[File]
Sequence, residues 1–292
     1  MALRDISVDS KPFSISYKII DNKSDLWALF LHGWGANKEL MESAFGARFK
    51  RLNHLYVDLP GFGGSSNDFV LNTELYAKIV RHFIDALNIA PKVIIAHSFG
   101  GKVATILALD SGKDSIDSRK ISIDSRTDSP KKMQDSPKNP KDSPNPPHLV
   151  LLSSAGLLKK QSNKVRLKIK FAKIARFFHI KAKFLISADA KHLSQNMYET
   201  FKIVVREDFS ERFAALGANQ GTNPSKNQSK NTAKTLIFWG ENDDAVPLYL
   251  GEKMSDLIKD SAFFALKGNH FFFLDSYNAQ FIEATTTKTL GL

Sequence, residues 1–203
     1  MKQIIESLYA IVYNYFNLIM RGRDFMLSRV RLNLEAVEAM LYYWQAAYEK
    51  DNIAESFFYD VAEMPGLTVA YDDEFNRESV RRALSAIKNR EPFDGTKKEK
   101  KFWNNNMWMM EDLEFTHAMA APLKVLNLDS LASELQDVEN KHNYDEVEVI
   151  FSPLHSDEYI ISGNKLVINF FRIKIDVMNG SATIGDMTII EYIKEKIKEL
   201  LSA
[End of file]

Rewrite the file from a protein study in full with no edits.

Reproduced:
Sequence, residues 1–292
     1  MALRDISVDS KPFSISYKII DNKSDLWALF LHGWGANKEL MESAFGARFK
    51  RLNHLYVDLP GFGGSSNDFV LNTELYAKIV RHFIDALNIA PKVIIAHSFG
   101  GKVATILALD SGKDSIDSRK ISIDSRTDSP KKMQDSPKNP KDSPNPPHLV
   151  LLSSAGLLKK QSNKVRLKIK FAKIARFFHI KAKFLISADA KHLSQNMYET
   201  FKIVVREDFS ERFAALGANQ GTNPSKNQSK NTAKTLIFWG ENDDAVPLYL
   251  GEKMSDLIKD SAFFALKGNH FFFLDSYNAQ FIEATTTKTL GL

Sequence, residues 1–203
     1  MKQIIESLYA IVYNYFNLIM RGRDFMLSRV RLNLEAVEAM LYYWQAAYEK
    51  DNIAESFFYD VAEMPGLTVA YDDEFNRESV RRALSAIKNR EPFDGTKKEK
   101  KFWNNNMWMM EDLEFTHAMA APLKVLNLDS LASELQDVEN KHNYDEVEVI
   151  FSPLHSDEYI ISGNKLVINF FRIKIDVMNG SATIGDMTII EYIKEKIKEL
   201  LSA